Today’s blog entry begins with the fish picture of the week, which is of a Spotted Eagle Ray, cruising at a depth of 50 feet in the tropical waters off of Belize. This ray has a wingspan of approx.10 feet and a very long tail of at least 15-20 feet. At the end of the tail are poisonous barbs, which was enough to discourage this diver from hitching a ride on its back. Unlike manta rays which are similar in size and filter feed as they swim through the water, the eagle ray has a distinct giant head and large jaws that only its mother could love, which are made for chewing into coral and the sandy bottom in order to extract tasty mollusks.
In order to visit these wonderful warm-water creatures, one must travel to a warm climate, which can be both paradise and a living bug bite hell. Warm clear blue tropical waters surrounded by white sandy beaches and rain forests are the breeding grounds for a trillion tiny flying black sand fleas that can’t wait for you to get out of the water so they can feast upon your skin.
If you are not a native to these areas, most likely you will be allergic to the bites. These bites develop welts, that are extremely itchy, the size of golf balls, and can keep you up in the middle of the night scratching like a flea-bitten dog, which is essentially what you become when you step out of your air-conditioned hotel room.
After many years of experience in traveling to these beautiful dive sites in bug-infested tropics, experimenting with every lotion and potion (Benedryl, cortisone, alcohol, antihistamines, prescription and non-prescription remedies), I have found relief from a very unusual source – Seaweed Powder.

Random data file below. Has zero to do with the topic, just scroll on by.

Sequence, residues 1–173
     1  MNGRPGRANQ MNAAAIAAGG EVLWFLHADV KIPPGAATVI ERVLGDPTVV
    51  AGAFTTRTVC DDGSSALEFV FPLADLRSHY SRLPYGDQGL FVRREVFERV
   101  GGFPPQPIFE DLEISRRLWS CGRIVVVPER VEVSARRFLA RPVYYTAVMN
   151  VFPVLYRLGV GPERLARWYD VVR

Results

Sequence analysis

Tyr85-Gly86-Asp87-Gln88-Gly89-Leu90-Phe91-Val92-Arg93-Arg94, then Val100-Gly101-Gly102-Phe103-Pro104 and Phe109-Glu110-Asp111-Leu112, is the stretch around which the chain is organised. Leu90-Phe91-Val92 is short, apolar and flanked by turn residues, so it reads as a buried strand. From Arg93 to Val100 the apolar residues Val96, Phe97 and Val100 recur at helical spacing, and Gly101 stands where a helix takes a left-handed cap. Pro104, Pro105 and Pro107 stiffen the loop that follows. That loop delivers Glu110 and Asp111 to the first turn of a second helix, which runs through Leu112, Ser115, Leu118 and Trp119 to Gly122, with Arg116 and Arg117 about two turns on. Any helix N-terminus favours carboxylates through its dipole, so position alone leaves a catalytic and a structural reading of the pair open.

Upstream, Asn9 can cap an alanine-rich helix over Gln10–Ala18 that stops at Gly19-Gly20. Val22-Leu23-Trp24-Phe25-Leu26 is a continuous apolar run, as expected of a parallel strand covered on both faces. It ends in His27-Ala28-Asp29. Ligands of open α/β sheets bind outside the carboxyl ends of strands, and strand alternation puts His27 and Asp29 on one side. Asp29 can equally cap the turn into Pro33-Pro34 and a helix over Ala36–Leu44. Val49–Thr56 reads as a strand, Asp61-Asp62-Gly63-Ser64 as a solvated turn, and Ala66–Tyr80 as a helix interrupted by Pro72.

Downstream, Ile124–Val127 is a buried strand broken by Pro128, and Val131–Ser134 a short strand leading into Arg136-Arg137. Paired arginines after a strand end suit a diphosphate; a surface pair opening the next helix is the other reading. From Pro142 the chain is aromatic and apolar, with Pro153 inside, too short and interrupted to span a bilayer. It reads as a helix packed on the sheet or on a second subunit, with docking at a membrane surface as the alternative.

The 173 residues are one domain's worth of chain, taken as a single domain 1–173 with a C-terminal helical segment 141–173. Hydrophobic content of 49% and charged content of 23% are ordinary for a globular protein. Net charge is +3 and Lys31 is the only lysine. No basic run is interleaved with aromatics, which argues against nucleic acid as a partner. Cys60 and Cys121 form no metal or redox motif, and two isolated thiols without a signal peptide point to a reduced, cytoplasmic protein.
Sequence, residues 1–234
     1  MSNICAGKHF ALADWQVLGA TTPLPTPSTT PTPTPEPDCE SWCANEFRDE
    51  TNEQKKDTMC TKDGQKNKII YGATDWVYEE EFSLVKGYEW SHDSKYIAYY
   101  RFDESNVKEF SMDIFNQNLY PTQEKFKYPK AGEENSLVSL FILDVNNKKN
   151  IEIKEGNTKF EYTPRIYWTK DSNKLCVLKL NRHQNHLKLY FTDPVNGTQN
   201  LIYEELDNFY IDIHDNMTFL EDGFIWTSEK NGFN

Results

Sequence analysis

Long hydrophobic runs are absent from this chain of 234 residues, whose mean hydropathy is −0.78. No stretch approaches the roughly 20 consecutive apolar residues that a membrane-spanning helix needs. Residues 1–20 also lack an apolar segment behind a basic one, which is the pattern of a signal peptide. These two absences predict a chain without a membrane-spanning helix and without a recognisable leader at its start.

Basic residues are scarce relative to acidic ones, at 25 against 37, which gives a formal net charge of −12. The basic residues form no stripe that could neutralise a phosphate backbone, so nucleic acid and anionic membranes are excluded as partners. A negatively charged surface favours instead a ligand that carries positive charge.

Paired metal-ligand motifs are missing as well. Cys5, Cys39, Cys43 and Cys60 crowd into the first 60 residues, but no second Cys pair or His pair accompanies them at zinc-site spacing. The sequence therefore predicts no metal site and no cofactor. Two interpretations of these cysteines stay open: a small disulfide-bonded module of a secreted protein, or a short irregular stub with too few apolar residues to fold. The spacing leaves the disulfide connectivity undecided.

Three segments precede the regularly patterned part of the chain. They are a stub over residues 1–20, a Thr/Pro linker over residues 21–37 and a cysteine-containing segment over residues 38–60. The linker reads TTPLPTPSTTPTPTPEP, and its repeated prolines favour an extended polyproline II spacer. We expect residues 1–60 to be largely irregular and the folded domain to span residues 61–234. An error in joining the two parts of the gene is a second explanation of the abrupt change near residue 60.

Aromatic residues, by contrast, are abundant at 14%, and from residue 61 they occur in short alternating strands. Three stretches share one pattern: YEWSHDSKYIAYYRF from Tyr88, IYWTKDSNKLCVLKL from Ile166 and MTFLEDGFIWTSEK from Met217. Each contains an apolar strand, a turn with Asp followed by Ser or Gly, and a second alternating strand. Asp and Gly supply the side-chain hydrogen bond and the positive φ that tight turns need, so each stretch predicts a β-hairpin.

The method I use is:
1. Take as hot a shower as you skin can stand and direct the water onto the bites. This helps to desensitize the skin and opens the bite for step #2.
2. Pour some Seaweed Powder directly onto the bites.
With the water already on your skin, rub the powder which turns into a paste on top of the bite.
3. Allow the paste to set for a few minutes. As it dries, it also absorbs into the skin. Then rinse with hot water, not quite as hot as in step #1. The water will sting as it washes off the seaweed. But this stinging feels good and gives a lot of relief. If the itching returns within a few hours, repeat the process again as necessary. Sometimes an application of an astringent such as SeaBreeze (original formula) onto the top of each bite after the seaweed was can give additional relief in particularly bad cases. After a day or two of these applications, the bites tend to harden, dry out, stop itching, and will begin to heal.
The only safe place to be in these regions is 50 feet below the surface chasing Spotted Eagle Rays.